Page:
What Is Funemployment?
Funemployment refers to unemployed individuals who decide to enjoy the free time that unemployment provides. The term was coined during the Great Recession between 2007 and 2009 to describe those who had recently lost their jobs and were choosing to use their newfound freedom to travel, go to the beach, be physically active and enjoy themselves until they found a new job. Individuals who decide to become voluntarily funemployed aren’t entitled to collect unemployment benefits unless they resigned from previous employment due to a reason, such as unsafe work conditions, discrimination or harassment.
People who describe their joblessness as funemployment are typically younger individuals with fewer financial responsibilities or people who have accumulated enough savings to enjoy the extra time their unemployment has afforded them. People who describe themselves as funemployed often point out that, during times of recession, finding a new job can be a long and stressful process so, rather than spending their days worrying about their future, they take advantage of the chance to do things they would be unable to do if they were working.
Advantages of Funemployment
- Lifestyle: Funemployment provides individuals with uninterrupted time to pursue their interests and passions. For example, a philanthropist may decide to volunteer for their favorite charity or sit on the board of a nonprofit organization that gives back to the community. Parents may use funemployment to create a lifestyle that allows them to spend more time with their children.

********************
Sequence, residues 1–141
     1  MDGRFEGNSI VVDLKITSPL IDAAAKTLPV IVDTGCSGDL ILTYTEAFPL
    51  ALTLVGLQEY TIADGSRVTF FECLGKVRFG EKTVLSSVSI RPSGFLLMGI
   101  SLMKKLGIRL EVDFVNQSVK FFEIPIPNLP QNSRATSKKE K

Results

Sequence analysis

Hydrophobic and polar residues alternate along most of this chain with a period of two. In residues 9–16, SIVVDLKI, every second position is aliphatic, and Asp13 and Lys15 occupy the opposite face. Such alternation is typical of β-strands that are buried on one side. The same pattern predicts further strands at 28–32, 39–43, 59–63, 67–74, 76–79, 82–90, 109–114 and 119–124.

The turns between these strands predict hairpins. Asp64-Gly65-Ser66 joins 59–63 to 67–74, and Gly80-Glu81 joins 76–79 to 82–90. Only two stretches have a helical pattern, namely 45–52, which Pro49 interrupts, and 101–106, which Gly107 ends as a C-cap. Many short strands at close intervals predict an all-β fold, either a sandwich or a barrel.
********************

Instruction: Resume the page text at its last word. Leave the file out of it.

- Career Perspective: Funemployment gives individuals time to assess their career aspirations. For instance, a person may decide they’re better suited to a different industry and opt for a career change. After realizing the flexibility that funemployment provides, an individual may decide they want a job that allows them to manage how many hours they work, such as an independent contractor or freelancer.
Limitations of Funemployment
- Financial: Funemployment may lead to financial hardship if an individual has no other source of income. The lack of a consistent paycheck may limit the length of time a person can stay funemployed, as bills, rent and mortgage repayments mount.
- Reentering Workforce: Periods of long funemployment might be difficult to explain to future employers, who want to see a history of steady employment. For example, a person who has been funemployed for several years might have to explain how they spent that time when interviewing for a job. Individuals who hold industry licenses and certifications may not be able to renew these while funemployed, making it difficult to re-enter the workforce.